The New England Revolution defeated the Montreal Impact 1-0 in the season finale Sunday evening. The victory means the Revolution end the season with a 10-13-11 record and eighth in the Eastern Conference.
Here are three takeaways from New England’s performance:
Fagundez finishes season – maybe Revs career – with bang
No one saw the news coming that Diego Fagundez might not be back next year.
New England’s premier homegrown signing has emerged as one of the club’s most recognizable faces and he seemed like a lock for the 2019 season and beyond, despite occasional rumors he was being scouted by teams in Europe and South America.
But Fagundez’s father and agent, Washington, may have thrown all those notions about his son’s future in Foxborough out the window when his account tweeted that Sunday night’s game could be his last.
If Fagundez isn’t back in 2019, he’s certainly leaving in style.
His beautifully-hit goal in the 75th minute was the lone breakthrough in an otherwise boring affair Sunday night. Fagundez notched a personal milestone by scoring the goal, too: with it, he became the youngest Major League Soccer player at 23 years old to reach 50 career goals.
Fagundez has had a history of being a streaky scorer, but he showed growth and plenty of promise in 2018.
Hybrid lineup conjures professional result
Sunday’s contest wasn’t the Revolution’s best performance by any stretch, but a number of players put in fine performances inside a new and unorthodox 3-4-2-1 formation.
One of the surprises to the starting XI was Zachary Herivaux, a holding midfielder turned No.10, filling in for an injured Andrew Farrell at right back. Herivaux isn’t as fast as Farrell, but he brought an interesting physical dimension to the position. He also seemed less inclined to rush into the box and cross, choosing instead to work off Teal Bunbury and Juan Agudelo with ground passes.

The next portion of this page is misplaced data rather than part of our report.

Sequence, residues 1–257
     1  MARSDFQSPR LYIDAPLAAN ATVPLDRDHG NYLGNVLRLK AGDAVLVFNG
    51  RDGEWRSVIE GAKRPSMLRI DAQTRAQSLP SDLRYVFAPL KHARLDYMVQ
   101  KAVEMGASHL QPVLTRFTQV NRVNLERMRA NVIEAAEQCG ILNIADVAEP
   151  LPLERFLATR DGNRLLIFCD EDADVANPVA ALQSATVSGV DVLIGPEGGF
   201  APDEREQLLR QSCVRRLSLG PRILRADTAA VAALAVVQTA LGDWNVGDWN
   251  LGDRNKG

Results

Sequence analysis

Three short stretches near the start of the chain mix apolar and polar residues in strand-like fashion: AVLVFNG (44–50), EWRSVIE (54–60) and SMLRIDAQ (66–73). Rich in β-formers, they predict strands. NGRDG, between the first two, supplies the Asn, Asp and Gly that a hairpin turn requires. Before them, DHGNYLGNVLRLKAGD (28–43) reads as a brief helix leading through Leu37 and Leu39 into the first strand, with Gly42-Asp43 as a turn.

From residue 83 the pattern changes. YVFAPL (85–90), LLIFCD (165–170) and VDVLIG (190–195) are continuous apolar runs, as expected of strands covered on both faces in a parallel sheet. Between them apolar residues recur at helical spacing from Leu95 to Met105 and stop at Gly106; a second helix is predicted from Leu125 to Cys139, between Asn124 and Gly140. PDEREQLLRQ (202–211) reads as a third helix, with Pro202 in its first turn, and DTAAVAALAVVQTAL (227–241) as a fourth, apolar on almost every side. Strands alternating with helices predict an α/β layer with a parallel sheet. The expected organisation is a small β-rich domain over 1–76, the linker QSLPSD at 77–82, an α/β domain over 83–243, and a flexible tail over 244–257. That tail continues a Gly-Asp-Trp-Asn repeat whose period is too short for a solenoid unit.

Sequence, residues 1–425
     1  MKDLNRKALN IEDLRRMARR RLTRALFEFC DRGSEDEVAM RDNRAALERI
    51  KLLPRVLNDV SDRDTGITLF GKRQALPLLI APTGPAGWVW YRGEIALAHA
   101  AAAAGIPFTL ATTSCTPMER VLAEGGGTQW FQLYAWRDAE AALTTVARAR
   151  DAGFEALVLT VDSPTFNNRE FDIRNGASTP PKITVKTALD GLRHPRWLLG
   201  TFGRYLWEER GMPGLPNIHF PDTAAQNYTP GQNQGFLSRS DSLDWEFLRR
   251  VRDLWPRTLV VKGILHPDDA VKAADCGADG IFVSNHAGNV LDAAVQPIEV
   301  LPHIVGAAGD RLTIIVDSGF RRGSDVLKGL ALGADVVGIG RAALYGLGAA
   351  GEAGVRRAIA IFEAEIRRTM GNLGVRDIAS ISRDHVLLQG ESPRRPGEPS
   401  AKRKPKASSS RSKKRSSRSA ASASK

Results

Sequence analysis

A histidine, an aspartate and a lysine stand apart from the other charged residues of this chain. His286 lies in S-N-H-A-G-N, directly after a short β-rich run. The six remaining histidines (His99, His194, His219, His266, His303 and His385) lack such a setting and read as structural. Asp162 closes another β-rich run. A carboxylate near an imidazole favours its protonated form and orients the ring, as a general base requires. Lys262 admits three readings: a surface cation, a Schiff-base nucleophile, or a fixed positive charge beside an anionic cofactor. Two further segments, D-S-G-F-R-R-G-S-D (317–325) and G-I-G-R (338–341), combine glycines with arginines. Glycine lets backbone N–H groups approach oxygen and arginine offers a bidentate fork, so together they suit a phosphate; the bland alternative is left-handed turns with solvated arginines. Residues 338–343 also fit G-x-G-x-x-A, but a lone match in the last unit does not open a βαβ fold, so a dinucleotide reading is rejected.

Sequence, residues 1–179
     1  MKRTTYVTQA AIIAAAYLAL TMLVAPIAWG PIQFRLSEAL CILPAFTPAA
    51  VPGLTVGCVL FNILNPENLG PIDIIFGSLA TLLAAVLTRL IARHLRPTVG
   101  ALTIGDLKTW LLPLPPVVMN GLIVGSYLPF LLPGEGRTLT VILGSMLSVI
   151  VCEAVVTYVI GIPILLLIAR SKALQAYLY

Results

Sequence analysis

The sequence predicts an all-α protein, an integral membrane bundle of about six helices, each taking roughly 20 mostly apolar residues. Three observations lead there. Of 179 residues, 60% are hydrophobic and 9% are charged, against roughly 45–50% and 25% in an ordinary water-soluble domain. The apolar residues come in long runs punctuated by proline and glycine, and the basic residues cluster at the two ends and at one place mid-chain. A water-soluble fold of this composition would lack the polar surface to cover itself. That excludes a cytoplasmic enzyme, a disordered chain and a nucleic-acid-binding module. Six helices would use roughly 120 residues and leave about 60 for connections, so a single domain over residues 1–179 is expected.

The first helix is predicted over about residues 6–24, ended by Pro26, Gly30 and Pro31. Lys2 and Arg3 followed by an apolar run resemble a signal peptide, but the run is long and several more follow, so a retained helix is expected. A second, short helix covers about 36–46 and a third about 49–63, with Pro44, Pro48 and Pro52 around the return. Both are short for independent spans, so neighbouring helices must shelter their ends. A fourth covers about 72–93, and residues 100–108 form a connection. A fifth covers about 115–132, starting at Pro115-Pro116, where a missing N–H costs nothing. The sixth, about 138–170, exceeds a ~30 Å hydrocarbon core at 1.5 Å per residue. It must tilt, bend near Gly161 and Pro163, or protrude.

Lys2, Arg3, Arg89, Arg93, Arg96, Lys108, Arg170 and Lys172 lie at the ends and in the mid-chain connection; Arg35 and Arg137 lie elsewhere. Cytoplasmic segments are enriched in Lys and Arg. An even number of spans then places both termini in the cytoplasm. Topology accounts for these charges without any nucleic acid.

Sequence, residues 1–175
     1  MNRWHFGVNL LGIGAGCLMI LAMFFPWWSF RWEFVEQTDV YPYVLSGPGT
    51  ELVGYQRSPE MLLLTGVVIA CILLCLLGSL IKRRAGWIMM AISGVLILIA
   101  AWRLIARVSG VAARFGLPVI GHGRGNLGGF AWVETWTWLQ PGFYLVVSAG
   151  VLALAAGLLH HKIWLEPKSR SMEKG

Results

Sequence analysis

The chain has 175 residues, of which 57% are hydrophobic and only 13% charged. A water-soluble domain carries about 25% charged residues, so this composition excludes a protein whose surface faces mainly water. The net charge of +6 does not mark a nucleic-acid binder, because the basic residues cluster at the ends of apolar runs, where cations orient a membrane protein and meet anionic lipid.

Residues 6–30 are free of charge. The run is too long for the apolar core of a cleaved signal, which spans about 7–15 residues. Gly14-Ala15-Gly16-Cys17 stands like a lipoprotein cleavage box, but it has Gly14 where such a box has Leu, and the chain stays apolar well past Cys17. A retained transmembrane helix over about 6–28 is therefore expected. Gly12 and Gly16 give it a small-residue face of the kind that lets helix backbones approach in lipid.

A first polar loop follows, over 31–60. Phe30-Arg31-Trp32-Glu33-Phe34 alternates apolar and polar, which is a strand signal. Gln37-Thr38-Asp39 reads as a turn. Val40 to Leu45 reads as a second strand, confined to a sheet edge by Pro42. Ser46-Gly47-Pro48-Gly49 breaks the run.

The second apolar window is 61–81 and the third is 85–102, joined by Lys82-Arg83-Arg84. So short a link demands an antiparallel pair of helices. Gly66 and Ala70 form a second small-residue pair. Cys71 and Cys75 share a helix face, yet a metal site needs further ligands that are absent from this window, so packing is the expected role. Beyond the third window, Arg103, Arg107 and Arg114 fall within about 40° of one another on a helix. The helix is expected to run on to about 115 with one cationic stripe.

Herivaux finished the game with a decent 79-percent pass completion, which isn’t bad when you consider he was playing a new position.
Matt Turner returned in front of net and made four saves to help the Revolution clinch their seventh shutout of the season. He was named to MLS’ team of the week.
Meanwhile, Antonio Delamea and Michael Mancienne performed well in central defense. Mancienne completed an impressive 96 percent of his passes, while Delamea chipped in five tackles.
The Revolution back line was inconsistent for most of the season, but the Mancienne-Delamea partnership at the back is a legitimate option heading into 2019.
With Mancienne coming in during the summer and Delamea missing a few games in the fall due to international call-ups and suspensions, the two only recently have started to gel.
Revolution need to be more like Boston counterparts
Roughly four hours after the final whistle blew Sunday night, the Boston Red Sox took down the Los Angeles Dodgers 5-1 to capture the 2018 World Series.
This is the Red Sox’s fourth title since 2004. Like MLS, Major League Baseball also uses a playoff system to decide its annual champion. But this year’s playoffs were no crapshoot. The Red Sox deserved to win after finishing the regular season with the most wins in the league and taking down their rival New York Yankees, the talented Houston Astros and the Dodgers, who were last year’s runners-up.
Meanwhile, the New England Patriots – who share the Kraft family as owners with the Revolution – are on a roll this season and look like a relatively safe bet to make their third consecutive Super Bowl. No one would be surprised to see the Pats win their sixth title this season.
The Boston Bruins have had a decent start to their season and currently hold the top wild card spot in the NHL; the Boston Celtics are expected, at minimum, to contend for the conference this year as well.
All that said, the Revolution are currently like a sibling that can’t quite get up to speed.
While it’s true that Boston’s sports teams’ largely continuous success since the turn of the century is unprecedented, there is one characteristic setting the Red Sox, Patriots, Celtics and Bruins apart from the Revolution, win or lose: ambition.
The Revs have talked a big game about making the most out of this offseason, but the team will have to practice what it preaches if it hopes to snap a three-year streak of missing out on playoffs.
If the new normal for Boston’s sports teams is at least making the playoffs, the Revolution aren’t cutting it.
Seeing the Red Sox win the World Series later on Sunday night was surreal given how the Revolution’s season ended. To be fair, the Revs have had some success to brag about since 2002 – winning a U.S. Open Cup and reaching five MLS Cup finals really is impressive – but the club has clearly lost its way in the last three years in the way of management.
The results prove it.